• Abstract: Publication date: Available online 16 September 2019Source: Forensic Science InternationalAuthor(s): Rachel Bracker, Anthony S. Stender USB microscopy, a relatively new and developing technology, offers a highly portable and relatively inexpensive means for performing microscopy. However, it has not been established that USB microscopes are capable of imaging at a level deemed sufficient for forensic requirements. The purpose of this study was to determine the value, applicability, and limitations of current USB microscope technology by comparing USB microscopes with traditional microscopes by collecting images of common forensic trace materials. For our tests, we considered image clarity, resolution, magnification, field of view, working distance, ease of use, and reflected versus transmission mode imaging. The USB microscopes were highly portable, easy to work with, and able to take an image in any orientation. They also demonstrated a strong sensitivity to different hues of color and were easily tailored to different forms of microscopy by utilizing additional optical components. USB microscopes do not share the same level of resolution, image quality, or image contrast as the most sophisticated microscopes. However, USB microscopes could add value to forensic investigations when used for preliminary exams, low magnification imaging of samples, and imaging scenarios that require magnification but don’t conform to traditional microscopy.
       
  • 11-OH-THC in hair as marker of active cannabis consumption: estimating a
           reliable cut-off by evaluation of 672 THC-positive hair samples
    • Abstract: Publication date: Available online 13 September 2019Source: Forensic Science InternationalAuthor(s): Sara Casati, Ilaria Angeli, Alessandro Ravelli, Massimo Del Fabbro, Mauro Minoli, Marica Orioli Hair analysis for the assessment of cannabis active use from passive consumption may be failed when performed by the sole detection of compounds present in plant material as well as in cannabis smoke like Δ‐9‐tetrahydrocannabinol (THC), cannabidiol (CBD), and cannabinol (CBN). For this reason, the determination of 11‐nor‐9‐carboxy‐Δ-9-tetrahydrocannabinol (THC‐COOH) has been proposed by the Society of Hair Testing (SoHT) in order to prove active cannabis consumption. The identification of THC-COOH in hair will continue to be complicated by its acidic nature and the critical low concentration due to the preferential incorporation of basic compounds into hair shaft. Alternatively, 11-OH-THC may be considered as a complementary marker for THC administration. Our recent study reported an accurate validated procedure for THC, CBD, CBN and 11-OH-THC in hair, based on a GC/MS-MS method in electron ionization mode. However, unlike THC-COOH, a cut-off level for 11-OH-THC in hair has not been fixed yet. For this reason, the aim of this study is to propose a concentration value for 11-OH-THC in hair analysis in order to discriminate between chronic use and external contamination. Receiver operating characteristics (ROC) analysis was applied for cut‐off evaluation after 11-OH-THC quantification in a pool of 672 THC-positive hair samples. Results have shown a concentration range between 0.01 – 5.34 ng/mg for THC (mean 0.34 ng/mg, median 0.12), 0.00 – 19.2 pg/mg for THC-COOH (mean 0.72 pg/mg, median 0.19 pg/mg) and between 0.01 – 13.33 ng/mg for 11-OH-THC (mean 1.09 ng/mg, median 0.51 ng/mg) for hair and between 0.03 – 6.32 ng/mg for THC (mean 0.82 ng/mg, median 0.30), 0.00 – 42.1 pg/mg for THC-COOH (mean 2.70 pg/mg, median 1.08 pg/mg) and between 0.00 – 7.88 ng/mg for 11-OH-THC (mean 1.70 ng/mg, median 0.89 ng/mg) for body hair. Considering these experimental data collected in our laboratory, we propose a cut-off level of 0.5 for sculp hair and body hair, as indicative of cannabis active consumption. The ROC curve AUCs for 11-OH-THC were 0.873 and 0.884 for 590 scalp hair and 82 body hair samples, respectively. The comparison of the results for THC-COOH (control method) and 11-OH-THC (test method) was also made by means of the Cohen’s kappa statistics providing a good agreement according to both Landis & Koch and Fleiss scales. Additionally, we suggest that the detection of both THC-COOH and 11-OH-THC should be mandatory in order to prove active intake and exclude false positive result from external contamination.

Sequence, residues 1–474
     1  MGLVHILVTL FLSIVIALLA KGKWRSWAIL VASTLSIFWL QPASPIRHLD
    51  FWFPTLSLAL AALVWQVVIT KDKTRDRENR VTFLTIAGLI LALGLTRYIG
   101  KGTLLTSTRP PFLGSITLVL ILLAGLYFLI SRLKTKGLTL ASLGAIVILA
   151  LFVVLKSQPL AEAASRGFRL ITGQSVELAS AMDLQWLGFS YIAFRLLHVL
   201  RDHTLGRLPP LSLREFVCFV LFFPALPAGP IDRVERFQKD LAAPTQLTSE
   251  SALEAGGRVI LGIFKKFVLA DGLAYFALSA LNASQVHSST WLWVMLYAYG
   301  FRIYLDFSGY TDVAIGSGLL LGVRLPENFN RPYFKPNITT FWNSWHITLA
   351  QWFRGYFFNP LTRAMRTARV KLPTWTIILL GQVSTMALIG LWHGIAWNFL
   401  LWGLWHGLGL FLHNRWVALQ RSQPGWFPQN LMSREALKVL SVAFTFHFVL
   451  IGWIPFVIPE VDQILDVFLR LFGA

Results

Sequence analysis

• Letter to the Editor regarding „Undetected traumatic diastasis of
           cranial sutures in a case of child abuse” by C.P. Campobasso et al.
           (https://doi.org/10.1016/j.forsciint.2019.03.011)
    • Abstract: Publication date: Available online 13 September 2019Source: Forensic Science InternationalAuthor(s): Christoph G. Birngruber, Franziska Holz, Marcel A. Verhoff
       
  • What’s in the Bag' Analysis of Exterior Drug Packaging by TD-DART-MS
           to Predict the Contents
    • Abstract: Publication date: Available online 13 September 2019Source: Forensic Science InternationalAuthor(s): Edward Sisco, Elizabeth L. Robinson, Amber Burns, Rebecca Mead The need for a safe and reliable presumptive test for law enforcement, first responders, and laboratory personnel is critical in the era of dangerous synthetic opioids and other novel psychoactive substances. Obtaining drug identification information without handling bulk powder is one way of accomplishing this task. This work evaluates whether trace residue on the exterior of drug packaging presents a potential source for presumptive testing. Utilizing a wipe-based approach, the outside of the packaging of nearly 200 real case exhibits were sampled and analyzed by thermal desorption direct analysis in real time mass spectrometry (TD-DART-MS). While residue on the law enforcement (outer) packaging was a poor indicator of the contents (less than 50% accurate), the exterior of the drug (inner) packaging was shown to be an excellent indicator of the contents (92% accurate).Quantitative analysis of the wipes, using liquid chromatography mass spectrometry (LC-MS/MS) showed that typical masses of residue on the exterior of packaging ranged from single to tens of micrograms – enough for detection by a number of trace detection tools. These initial results demonstrate that wipe-based trace sampling approaches present a promising, reliable, and safe method for presumptive testing by law enforcement, first responders, or laboratory personnel.Graphical abstractGraphical abstract for this article